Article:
When I set out to write the individual stories – perhaps they are more like mini-biographies – that form the backbone of
Farm to Table, I guess I thought I knew what “farm to table” meant. It seemed to me that it was a straightforward concept, unified and harmonious. There are parts of it that are shared and unified, but I learned it’s a much more complex and nuanced thing. It’s more random and disparate. It was really eye-opening to be able to talk with the chefs and farmers in the book and learn more about the realities of food and the restaurant industry. What’s happening in Perth County and the areas around Stratford is very cool and exciting if you love to eat, that’s for sure. It’s happening elsewhere too, but I think we can say that Stratford, with the Stratford Chefs School and the theatre scene, is special.
It’s hard to pick out just one example when there are so many, but a small farmer like Andrew Courtney, who operates A Still, Small Farm and focuses less on restaurants and more on the home dining table, is a producer who stood out to me. I walked through his fields and rows of vegetables one day. He described how he studies the soil on his farm and that he still has a lot to learn. Courtney told me that he believes he’s doing good for his community and that he’s carrying on a tradition of humans working in the fields for much of our history. Part of what motivates him is that it feels good doing something in the community that people need. His is a fairly typical story I heard.
I’m always in awe of people who dedicate themselves to a cause, so when I heard Pam Rogers’ story of how she’s an organic farmer and a social justice activist I thought, wow! For Rogers, the soil on Kawthoolei, her organic farm, offers her solace after her work with refugees on the Thai-Burma border. She will spend months and months helping vulnerable displaced people there, and then she returns home to her farming. “It’s therapeutic,” she told me about working the soil, “and at the same time it carries on the creativity as a way to express myself.” I think of how busy farmers are and the hard work they do and then add to that helping impoverished people in terrible and dangerous conditions—well, that’s just amazing.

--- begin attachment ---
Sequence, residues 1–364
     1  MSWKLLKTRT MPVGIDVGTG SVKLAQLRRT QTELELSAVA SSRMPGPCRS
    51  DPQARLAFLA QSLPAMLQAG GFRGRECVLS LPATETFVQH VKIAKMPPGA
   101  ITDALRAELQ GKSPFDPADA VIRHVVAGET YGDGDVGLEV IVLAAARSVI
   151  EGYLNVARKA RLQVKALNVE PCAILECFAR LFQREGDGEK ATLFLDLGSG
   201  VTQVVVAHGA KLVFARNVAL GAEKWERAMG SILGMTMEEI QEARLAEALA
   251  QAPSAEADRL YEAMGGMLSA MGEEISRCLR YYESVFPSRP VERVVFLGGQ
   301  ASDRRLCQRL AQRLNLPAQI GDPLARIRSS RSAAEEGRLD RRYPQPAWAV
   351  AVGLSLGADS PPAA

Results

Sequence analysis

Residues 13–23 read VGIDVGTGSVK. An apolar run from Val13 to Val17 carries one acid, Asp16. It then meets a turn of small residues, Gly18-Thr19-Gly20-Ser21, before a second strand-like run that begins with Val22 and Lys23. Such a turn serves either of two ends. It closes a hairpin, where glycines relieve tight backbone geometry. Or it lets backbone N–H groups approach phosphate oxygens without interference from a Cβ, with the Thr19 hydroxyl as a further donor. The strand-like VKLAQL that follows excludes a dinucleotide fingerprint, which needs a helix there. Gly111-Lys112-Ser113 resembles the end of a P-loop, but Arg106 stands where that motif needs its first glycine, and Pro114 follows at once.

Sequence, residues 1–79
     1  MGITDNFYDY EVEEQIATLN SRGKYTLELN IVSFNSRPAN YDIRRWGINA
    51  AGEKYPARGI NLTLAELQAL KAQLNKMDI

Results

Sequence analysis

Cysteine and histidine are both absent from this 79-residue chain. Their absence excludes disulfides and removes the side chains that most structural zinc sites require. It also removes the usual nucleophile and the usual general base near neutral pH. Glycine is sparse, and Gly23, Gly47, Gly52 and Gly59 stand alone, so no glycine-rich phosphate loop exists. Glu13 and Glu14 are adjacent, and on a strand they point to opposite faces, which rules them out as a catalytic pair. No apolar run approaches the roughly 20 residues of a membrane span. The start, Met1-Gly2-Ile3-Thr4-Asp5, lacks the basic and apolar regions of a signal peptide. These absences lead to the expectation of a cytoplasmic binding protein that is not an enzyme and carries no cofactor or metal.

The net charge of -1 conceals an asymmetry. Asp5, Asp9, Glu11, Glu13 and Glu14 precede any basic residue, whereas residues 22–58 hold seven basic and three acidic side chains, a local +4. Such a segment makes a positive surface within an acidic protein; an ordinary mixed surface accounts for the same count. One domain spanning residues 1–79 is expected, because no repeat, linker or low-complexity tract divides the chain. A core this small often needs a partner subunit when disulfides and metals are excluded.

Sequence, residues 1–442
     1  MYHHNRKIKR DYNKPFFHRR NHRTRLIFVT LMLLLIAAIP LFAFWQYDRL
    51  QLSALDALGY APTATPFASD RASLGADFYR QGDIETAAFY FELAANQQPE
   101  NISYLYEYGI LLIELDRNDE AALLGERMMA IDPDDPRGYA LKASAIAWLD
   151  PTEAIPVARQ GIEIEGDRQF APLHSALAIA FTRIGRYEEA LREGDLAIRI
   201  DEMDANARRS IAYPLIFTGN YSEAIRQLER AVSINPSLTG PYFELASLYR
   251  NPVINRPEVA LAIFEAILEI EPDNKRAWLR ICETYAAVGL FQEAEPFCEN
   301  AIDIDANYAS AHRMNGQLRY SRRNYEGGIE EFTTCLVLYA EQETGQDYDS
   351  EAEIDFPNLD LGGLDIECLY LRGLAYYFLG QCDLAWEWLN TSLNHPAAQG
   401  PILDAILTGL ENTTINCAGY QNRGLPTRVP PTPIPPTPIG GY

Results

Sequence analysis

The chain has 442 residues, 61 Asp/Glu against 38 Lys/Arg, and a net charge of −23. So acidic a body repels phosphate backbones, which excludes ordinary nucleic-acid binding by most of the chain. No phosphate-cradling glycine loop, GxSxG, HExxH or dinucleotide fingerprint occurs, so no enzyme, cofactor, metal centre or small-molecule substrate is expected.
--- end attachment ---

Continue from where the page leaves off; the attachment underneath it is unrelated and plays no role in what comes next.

You can sense some frustration when the relationships don’t work perfectly, too, as TNT Farms noted. They sell a lot of blueberries in and around Stratford, but another crop, unique sea buckthorn berries, is problematic: they are tart, and Nadia Walch says, “People don’t tend to gravitate toward tart things. But everybody knows blueberries and loves them.” She laughed when saying that. I also think about Max Lass at Church Hill Farm or Erin McIntosh at McIntosh Farms—they both really, really care about their animals and what they do as farmers. That’s something I think we need more of.
On the chef and recipe side, the range in this book is pretty wide, from complex techniques for confident home cooks and professionals to basic sandwiches and dishes to make for the family—like the "Father 'N' Son Rainy Afternoon Blyth Farm Mac 'N' Cheese" from Devin Tabor. And it’s funny how the recipes mean so much more when you can visualize who the farmer is and how he or she raised the chicken or grew the radishes. I think when you hear the cliché that the food “was prepared with love,” it goes back to the basic ingredients, where they came from, and how the cook used them. There’s a deep, “loving” connection there. And isn’t that what food is supposed to do—connect us just as much as it sustains us?
I think so.
Recipe: Father n' Son Rainy Afternoon Blyth Farm Mac n' Cheese by Chef Devin Tabor
You can use any of the Blyth Farm cheeses to satisfy your craving for the love and comfort that is the classic mac ‘n’ cheese. You could try Blyth’s Smoked cheese for smoky mac, a spicy mac using Blyth’s Jalapeno, velvety Golden Blyth or Blyth’s Cumin. In the recipe below, you can skip the roasted garlic and use Blyth’s Garlic cheese instead.
6 cloves garlic
2 1/2 cups macaroni noodles
85 g (3 oz) unsalted butter
85 g (3 oz) flour
4 cups milk (2%)
1 tsp kosher salt
1 tsp fresh ground pepper
1/2 tsp nutmeg
8 strips good quality bacon cooked, cooled and diced
Roast the garlic cloves for about 20 minutes or until soft. Cut into small pieces and reserve.
Cook the macaroni noodles in a large pot of salted water until al dente. Drain and reserve.
In a large saucepan, melt the butter and slowly stir in the flour. Cook over medium heat for a few minutes then reduce heat and slowly whisk in the milk. (Optional: add the cheese rind in large pieces that can later be removed.)
Cook mixture, over medium-low heat, stirring gently, until it is thick enough to coat the back of a spoon. Reduce the heat and whisk in salt, pepper, and nutmeg. Remove the cheese rinds (if you’ve added them) and stir in the roasted garlic, bacon, grated cheese, and cook until the cheese is melted.
Add the reserved noodles to the sauce and mix to combine. Pour into an oven-safe pan or casserole dish and bake until hot in the centre (test temperature by inserting a knife into the middle).
Sprinkle the mac ‘n’ cheese with the panko and return dish to the oven to bake until golden brown on top.
Chef Devin Tabor, Bon Vivant Catering.
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Thanks so much to Talia at Blue Moon for connecting Andrew's writing (and Devin's fantastic recipe), and for the beautiful photos from Terry Manzo. Farm to Tableis available now.
For more mouthwatering Test Kitchen cookbook recipes,
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